- Zainal Yahya
With towering skyscrapers and top-notch infrastructure, Singapore is known as one of the richest nations in the world. But behind the glitz and glamour are the invisible members of society – the poor.
The Salvation Army Singapore has partnered imaginem, a social start-up for photography, to launch a new campaign titled ‘Making the Invisible, Visible‘. This campaign aims to shine a spotlight on the plight of the less fortunate in Singapore.
In an exclusive interview with Business Insider, Major Hary Haran, the spokesman for this campaign, who is also The Salvation Army Singapore’s territorial secretary for personnel, explained what ignited his burning passion for helping those in need.
He said: “I grew up in a situation where I lost my dad at the age of five, and there are seven other siblings with me as well.”
He confessed that his mother, who went through difficult moments while raising eight children, was the one who taught him how to serve “suffering humanity”.
The other reason that motivated him to join The Salvation Army was the people who helped him during the tough moments he faced as a child.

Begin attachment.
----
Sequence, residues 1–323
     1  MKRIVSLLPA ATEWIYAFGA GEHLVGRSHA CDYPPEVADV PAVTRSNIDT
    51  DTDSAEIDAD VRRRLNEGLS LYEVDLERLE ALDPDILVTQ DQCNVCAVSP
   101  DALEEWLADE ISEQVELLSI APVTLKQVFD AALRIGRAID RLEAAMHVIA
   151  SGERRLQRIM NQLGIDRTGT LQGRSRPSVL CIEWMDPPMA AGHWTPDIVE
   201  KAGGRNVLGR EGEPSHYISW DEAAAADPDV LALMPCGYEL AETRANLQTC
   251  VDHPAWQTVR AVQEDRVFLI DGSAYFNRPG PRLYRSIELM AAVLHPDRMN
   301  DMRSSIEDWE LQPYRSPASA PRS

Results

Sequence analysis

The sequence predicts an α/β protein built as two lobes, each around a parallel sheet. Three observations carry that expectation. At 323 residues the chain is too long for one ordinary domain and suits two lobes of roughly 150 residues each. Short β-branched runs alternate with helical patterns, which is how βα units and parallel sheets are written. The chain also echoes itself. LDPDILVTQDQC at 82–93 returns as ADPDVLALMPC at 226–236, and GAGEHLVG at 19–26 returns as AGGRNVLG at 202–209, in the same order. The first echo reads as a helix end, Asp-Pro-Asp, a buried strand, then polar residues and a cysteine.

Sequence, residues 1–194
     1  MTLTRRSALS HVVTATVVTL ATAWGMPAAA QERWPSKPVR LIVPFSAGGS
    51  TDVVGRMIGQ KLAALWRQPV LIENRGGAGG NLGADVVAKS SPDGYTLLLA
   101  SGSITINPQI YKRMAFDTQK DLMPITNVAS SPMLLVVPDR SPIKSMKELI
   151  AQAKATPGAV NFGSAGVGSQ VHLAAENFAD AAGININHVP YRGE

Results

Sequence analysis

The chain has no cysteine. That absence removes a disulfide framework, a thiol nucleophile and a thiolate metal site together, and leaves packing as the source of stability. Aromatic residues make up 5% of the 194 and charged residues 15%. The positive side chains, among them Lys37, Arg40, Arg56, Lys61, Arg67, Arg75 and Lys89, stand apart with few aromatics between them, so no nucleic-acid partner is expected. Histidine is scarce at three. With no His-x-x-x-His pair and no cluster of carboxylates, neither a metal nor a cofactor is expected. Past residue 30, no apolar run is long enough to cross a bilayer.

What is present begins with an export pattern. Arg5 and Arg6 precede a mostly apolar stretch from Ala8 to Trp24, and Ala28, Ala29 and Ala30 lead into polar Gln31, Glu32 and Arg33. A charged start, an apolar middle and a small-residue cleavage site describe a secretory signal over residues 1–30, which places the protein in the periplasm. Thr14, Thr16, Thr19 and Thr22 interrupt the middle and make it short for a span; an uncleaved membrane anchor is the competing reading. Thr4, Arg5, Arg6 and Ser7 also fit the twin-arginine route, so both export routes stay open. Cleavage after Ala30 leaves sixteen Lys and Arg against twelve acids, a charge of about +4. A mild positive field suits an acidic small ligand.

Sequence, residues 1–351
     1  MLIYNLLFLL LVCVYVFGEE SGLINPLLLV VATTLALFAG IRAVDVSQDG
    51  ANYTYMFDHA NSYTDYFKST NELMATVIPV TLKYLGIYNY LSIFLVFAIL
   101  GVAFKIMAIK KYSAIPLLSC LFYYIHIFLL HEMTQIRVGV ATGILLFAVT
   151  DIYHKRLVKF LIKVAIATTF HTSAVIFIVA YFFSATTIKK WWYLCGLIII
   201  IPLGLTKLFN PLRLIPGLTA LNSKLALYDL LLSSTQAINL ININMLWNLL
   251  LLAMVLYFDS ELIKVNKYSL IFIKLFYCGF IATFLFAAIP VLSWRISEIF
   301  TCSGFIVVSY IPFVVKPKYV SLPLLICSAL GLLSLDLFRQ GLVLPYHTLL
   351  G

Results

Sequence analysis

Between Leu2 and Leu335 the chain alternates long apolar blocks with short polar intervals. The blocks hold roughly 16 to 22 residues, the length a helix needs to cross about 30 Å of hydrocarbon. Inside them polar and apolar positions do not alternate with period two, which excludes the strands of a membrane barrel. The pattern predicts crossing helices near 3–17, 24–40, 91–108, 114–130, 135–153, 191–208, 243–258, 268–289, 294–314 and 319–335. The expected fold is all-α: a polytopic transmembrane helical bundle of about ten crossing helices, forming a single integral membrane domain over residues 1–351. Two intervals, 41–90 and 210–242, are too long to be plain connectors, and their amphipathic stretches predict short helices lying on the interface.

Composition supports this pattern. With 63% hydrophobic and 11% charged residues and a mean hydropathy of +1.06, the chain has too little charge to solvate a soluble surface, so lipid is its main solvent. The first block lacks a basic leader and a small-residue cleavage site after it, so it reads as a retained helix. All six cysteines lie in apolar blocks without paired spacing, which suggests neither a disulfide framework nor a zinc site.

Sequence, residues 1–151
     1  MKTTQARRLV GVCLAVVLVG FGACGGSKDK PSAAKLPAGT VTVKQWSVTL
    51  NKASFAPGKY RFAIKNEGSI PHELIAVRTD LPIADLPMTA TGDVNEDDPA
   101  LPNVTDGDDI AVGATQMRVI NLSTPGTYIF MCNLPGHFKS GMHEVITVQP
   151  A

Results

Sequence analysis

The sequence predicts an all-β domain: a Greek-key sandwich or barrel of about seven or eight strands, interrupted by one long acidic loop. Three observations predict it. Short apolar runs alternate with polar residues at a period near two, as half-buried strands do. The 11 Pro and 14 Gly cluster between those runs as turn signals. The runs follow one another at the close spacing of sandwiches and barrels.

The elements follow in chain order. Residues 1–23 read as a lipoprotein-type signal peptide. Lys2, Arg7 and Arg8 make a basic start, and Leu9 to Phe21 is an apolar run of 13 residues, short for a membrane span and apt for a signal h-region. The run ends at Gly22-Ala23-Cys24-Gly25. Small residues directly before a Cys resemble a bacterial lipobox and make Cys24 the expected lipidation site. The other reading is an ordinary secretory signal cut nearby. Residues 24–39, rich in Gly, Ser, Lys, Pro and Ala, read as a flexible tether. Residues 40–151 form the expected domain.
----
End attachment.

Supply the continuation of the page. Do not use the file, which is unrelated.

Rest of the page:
He said: “I appreciate the benefactors who have blessed and supported me. I have received so much, that I feel that I should be giving as well.”
Major Haran feels deeply connected to the beneficiaries at The Salvation Army Singapore.
“Every child comes from a different background, and some are worse than others,” he said, choking back his tears.
“Some of them are really difficult. They run, they play truant with you,” he added, “but with our help, they can grow out of it”.
He said: “Every month we receive a wedding card from them… we receive invitations for their graduations. That’s the rewarding part for us, that they still keep their relations with us, come back to us, and make us a part of their celebrations.”
Major Haran recalled a particular story that resonated with him the most.
“During Chinese New Year when most of the kids had gone home to be with their parents, there were those who did not have the chance to. We organised a party for the remaining kids and told them to put their skills to use.
“And that was the turning point where one of our beneficiaries discovered that he could cook. Two years ago, he started his own food business and is a donor at The Salvation Army today.”
Major Haran hopes the public will donate to The Salvation Army Singapore to support children in need, and help them achieve their dreams.
Through its ‘Making the Invisible, Visible’ campaign, The Salvation Army Singapore wishes to raise S$150,000 (US$109,057). The money will be used to transform the lives of their beneficiaries through social programmes and services.
The public can donate to the cause here.